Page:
The gas fuel composition and Wobbe Index at site locations determine the fuel gas nozzle exit velocity requirement which in turn is dependent upon the fuel gas supply hole size. Where the supply holes are too large, for a given gas composition and Wobbe Index, nozzle dynamics become a concern. For example, if the gas composition changes, these concerns become real and the nozzle assembly must be retuned to preclude those dynamic concerns.

In accordance with an example of the present invention and in a fuel nozzle assembly for a gas turbine having a plurality of circumferentially spaced vanes with holes for flowing fuel for premixing with air within the nozzle assembly, there is provided a method of tuning the fuel nozzle assembly by changing the diameter of the premix fuel holes in the vanes. To accomplish this, the existing holes are reformed to a predetermined diameter. Plugs are inserted into the reformed holes and secured to the vanes. Holes are formed through at least three of the plugs to diameters less than the diameter of the existing holes. Thus, the original holes are resized to provide smaller holes with consequent desired tuning effects.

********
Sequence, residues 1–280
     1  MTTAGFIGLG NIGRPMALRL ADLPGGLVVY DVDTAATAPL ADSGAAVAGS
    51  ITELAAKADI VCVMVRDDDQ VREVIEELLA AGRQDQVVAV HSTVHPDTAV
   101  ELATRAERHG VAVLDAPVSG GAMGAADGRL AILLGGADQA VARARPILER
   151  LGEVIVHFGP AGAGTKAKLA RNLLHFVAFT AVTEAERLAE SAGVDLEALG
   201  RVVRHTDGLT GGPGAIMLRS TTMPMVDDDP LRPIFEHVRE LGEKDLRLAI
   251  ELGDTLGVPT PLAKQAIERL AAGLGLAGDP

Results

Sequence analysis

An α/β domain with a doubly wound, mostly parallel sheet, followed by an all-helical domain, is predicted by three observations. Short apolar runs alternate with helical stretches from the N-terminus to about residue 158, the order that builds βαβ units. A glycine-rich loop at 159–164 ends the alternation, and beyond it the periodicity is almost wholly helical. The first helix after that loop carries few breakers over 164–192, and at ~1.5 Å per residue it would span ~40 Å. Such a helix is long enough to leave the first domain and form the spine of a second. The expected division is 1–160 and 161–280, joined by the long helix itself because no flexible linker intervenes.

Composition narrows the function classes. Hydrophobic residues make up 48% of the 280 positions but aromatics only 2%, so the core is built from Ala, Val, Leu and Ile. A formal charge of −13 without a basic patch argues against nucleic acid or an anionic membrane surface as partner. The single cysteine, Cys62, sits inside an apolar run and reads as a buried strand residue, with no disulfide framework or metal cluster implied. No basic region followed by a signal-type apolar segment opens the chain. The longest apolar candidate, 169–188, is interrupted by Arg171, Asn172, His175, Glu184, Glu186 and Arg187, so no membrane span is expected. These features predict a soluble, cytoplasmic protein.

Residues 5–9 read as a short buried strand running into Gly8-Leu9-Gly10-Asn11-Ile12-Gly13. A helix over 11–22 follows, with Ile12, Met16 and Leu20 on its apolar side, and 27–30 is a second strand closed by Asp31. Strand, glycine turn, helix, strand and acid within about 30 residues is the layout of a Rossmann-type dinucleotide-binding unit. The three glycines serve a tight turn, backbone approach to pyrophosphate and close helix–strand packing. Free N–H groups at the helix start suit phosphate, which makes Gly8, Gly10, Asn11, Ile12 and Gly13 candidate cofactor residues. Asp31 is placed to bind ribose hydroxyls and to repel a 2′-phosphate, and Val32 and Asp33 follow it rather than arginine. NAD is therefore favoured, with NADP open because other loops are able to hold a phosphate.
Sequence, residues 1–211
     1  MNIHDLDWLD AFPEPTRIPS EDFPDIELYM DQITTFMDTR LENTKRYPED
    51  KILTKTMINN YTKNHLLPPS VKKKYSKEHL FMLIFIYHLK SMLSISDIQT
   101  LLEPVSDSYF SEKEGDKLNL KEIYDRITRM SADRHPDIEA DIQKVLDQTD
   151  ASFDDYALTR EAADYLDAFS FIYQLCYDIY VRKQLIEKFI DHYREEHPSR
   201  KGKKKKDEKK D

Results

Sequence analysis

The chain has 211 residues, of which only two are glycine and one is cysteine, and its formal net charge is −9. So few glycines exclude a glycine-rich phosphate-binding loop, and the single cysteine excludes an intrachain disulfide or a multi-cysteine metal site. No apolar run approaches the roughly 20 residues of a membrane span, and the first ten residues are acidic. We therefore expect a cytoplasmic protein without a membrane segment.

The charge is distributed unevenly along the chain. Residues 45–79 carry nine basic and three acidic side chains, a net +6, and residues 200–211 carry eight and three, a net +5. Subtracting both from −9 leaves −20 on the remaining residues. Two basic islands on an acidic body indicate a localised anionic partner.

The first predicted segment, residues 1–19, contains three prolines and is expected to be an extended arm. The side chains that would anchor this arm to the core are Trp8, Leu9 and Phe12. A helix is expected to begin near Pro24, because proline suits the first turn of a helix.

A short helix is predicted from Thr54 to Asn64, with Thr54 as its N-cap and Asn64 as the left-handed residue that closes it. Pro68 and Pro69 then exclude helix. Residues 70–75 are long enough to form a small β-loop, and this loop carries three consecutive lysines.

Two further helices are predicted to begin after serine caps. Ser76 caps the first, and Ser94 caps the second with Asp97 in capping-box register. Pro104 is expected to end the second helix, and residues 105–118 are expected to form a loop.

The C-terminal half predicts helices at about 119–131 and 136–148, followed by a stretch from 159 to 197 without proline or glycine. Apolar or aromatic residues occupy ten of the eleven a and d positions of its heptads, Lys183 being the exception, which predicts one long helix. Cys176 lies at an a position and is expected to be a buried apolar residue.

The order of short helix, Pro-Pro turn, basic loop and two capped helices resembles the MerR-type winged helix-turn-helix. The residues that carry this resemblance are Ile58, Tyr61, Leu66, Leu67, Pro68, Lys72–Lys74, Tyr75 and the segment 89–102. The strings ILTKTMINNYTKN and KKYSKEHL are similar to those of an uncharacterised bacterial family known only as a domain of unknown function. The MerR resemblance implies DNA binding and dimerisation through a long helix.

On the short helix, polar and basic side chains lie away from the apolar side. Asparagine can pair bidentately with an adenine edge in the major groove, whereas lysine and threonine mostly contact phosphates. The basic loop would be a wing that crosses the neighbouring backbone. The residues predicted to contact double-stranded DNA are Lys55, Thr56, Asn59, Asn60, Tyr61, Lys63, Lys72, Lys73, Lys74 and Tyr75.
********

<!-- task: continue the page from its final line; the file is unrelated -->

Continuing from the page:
BRIEF DESCRIPTION OF THE DRAWINGS

FIG. 1 is a cross sectional view of a typical fuel nozzle assembly for a gas turbine;

FIG. 2 is a cross sectional view thereof taken generally about on line 2-2 in FIG. 1 illustrating existing premix fuel gas supply holes in the walls of the vanes;

FIG. 3 is a view similar to FIG. 2 illustrating premix resized fuel gas supply holes in accordance with an aspect of the present invention;

FIG. 4 is an enlarged cross sectional view of enlarged outer premix holes for a vane and forming part of a method of tuning the fuel injection assemblies according to an aspect of the present invention;

FIG. 5 is a view similar to FIG. 4 illustrating plugs disposed in the reformed holes; and

FIG. 6 is a view similar to FIG. 5 illustrating the resized fuel supply holes.

DETAILED DESCRIPTION OF THE INVENTION